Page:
“We’ve seen tremendous cost and time savings from our investment in technology,” said Jody Meza, Practice Administrator, Alpine Medical Group, LLC. “We feel it’s important to do everything we can to deliver care as efficiently as possible for our patients, and automation of our administrative transactions is one way that we deliver on that goal.”
In an effort to more fully appreciate the options available to healthcare providers, the Index contains a supplement that reviews product and service offerings and fee structures of practice management system vendors and clearinghouses. The research concluded that few vendors support all of the most essential electronic administrative transactions. For instance, electronic prior authorization was supported by only 12 percent of the vendor products and services examined. The supplement also describes the complex vendor fee structures encountered by healthcare providers.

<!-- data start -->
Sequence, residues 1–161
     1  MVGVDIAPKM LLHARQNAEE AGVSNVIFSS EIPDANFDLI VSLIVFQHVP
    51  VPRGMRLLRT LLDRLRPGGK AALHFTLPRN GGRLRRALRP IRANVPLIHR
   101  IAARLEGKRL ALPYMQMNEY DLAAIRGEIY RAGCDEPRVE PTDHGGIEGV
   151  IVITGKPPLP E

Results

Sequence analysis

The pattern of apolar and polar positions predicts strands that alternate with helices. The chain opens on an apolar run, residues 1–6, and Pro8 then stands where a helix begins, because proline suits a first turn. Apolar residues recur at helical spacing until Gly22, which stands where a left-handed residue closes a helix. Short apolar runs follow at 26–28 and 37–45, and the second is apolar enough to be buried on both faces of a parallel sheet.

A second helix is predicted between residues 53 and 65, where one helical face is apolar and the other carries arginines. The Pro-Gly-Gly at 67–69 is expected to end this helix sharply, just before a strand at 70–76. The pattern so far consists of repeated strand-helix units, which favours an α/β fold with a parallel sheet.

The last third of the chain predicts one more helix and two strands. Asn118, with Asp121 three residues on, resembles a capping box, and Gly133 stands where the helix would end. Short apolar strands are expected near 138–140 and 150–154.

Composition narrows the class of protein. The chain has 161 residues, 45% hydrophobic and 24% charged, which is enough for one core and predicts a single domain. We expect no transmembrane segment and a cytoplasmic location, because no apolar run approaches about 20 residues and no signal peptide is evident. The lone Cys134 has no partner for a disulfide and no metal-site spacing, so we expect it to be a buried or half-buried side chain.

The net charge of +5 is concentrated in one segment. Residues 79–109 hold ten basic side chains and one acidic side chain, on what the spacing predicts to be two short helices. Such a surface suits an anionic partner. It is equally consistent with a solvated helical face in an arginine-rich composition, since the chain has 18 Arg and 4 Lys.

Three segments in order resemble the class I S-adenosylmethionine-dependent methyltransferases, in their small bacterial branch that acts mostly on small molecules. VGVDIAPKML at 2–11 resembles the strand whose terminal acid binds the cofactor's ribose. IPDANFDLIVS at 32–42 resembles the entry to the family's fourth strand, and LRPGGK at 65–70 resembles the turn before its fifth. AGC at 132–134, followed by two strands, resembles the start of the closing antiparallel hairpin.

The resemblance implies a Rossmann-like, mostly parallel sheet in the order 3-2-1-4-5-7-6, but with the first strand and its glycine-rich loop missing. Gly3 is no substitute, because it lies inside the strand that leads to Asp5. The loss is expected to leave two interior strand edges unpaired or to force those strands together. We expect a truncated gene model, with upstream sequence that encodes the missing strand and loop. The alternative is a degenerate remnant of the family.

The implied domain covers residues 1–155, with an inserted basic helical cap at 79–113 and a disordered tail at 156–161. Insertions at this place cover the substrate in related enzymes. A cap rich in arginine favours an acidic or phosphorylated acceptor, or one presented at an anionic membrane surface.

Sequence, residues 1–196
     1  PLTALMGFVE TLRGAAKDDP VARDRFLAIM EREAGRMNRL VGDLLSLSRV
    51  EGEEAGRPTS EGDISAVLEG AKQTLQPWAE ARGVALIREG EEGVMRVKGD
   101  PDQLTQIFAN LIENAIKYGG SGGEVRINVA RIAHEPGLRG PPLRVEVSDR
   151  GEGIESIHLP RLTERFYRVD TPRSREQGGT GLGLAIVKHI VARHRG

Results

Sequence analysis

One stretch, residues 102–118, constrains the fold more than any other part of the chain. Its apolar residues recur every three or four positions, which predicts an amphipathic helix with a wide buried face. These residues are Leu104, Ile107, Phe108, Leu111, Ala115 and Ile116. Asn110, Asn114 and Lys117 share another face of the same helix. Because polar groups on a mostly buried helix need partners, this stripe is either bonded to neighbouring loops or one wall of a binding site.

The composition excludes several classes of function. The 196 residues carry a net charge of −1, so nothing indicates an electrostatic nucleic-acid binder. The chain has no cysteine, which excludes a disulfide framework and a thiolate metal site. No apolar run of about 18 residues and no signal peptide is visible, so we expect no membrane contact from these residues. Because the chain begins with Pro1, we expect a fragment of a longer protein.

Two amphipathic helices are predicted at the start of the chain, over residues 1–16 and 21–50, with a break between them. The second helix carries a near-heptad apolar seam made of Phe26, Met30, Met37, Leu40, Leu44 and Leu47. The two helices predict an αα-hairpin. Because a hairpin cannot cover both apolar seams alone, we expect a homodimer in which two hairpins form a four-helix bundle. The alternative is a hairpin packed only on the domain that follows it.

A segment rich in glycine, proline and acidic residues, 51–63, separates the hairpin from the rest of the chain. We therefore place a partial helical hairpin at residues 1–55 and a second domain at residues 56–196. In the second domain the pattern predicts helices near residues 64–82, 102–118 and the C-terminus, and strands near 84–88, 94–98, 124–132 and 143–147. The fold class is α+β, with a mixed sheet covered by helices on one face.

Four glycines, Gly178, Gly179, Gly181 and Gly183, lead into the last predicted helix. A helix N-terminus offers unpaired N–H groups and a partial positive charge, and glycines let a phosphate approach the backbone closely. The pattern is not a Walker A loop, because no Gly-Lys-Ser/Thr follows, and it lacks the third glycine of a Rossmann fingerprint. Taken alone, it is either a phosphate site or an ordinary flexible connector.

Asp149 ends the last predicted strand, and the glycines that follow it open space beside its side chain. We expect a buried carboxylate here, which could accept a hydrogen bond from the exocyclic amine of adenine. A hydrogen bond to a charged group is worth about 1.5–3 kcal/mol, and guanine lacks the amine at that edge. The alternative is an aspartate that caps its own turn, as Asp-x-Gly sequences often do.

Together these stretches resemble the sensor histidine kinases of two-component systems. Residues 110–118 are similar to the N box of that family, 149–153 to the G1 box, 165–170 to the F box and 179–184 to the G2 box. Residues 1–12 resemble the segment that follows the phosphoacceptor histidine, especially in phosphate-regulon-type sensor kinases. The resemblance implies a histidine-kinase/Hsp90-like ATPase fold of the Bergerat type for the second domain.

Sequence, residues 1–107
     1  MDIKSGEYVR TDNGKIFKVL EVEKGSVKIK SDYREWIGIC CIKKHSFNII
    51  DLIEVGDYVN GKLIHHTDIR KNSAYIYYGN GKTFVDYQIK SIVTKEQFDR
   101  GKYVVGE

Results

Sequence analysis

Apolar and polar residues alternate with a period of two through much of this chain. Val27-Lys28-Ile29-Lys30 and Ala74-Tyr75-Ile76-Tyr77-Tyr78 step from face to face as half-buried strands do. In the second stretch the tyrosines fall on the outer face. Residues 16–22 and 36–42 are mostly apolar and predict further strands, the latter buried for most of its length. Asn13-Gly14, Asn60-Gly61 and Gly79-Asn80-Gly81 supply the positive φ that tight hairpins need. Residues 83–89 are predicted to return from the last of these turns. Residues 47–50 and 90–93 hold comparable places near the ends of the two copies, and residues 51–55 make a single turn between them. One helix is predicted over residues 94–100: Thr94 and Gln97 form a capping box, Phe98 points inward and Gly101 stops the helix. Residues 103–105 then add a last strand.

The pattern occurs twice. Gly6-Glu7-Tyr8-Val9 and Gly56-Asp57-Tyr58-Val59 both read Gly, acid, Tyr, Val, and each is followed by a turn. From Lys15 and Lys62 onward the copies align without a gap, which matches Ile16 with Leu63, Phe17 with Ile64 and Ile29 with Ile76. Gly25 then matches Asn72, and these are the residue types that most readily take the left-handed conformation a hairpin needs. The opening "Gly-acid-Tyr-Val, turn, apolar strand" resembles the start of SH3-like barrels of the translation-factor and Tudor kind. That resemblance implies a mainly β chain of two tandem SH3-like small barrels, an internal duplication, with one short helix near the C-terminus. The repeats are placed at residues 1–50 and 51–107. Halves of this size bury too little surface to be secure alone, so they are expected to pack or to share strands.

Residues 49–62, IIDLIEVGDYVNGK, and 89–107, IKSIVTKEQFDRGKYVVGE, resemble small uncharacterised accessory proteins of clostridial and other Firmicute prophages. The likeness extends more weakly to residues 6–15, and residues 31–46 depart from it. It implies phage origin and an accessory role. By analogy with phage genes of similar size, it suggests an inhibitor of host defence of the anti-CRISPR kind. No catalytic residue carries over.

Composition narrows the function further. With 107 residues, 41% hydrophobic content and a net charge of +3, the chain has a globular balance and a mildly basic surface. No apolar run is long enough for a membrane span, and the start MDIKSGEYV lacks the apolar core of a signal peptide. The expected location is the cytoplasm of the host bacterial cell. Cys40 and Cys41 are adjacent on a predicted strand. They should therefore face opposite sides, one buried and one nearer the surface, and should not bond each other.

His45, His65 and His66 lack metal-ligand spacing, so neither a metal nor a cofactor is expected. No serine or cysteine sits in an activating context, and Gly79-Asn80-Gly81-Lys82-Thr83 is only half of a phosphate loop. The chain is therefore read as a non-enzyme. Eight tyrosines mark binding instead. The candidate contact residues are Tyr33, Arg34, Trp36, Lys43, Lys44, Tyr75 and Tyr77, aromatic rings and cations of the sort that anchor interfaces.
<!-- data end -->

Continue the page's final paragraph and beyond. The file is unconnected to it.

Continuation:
In its Call to Action, the Index concludes that the relatively slow, incremental progress reported in recent years of the transition from manual to electronic administrative transactions is no longer sufficient. It proposes that industry participants strongly support provider access to robust electronic data interchange systems and expand the understanding for reasons behind increasing portal use, and urges all stakeholders to embrace the transition to fully electronic transactions.
Download the latest CAQH Index at www.caqhindex.org.
Note: This press release was updated in August 2018 to clarify that the $11.1 billion savings opportunity belongs to the medical healthcare industry, and does not include dental savings. Also, a change was made to more precisely report the dental industry savings opportunity. The prior version reported that the entire $2 billion opportunity belonged to dental healthcare providers.
CAQH, a non-profit alliance, is the leader in creating shared initiatives to streamline the business of healthcare. Through collaboration and innovation, CAQH accelerates the transformation of business processes, delivering value to providers, patients and health plans. Visit www.caqh.org and follow us on Twitter: @caqh.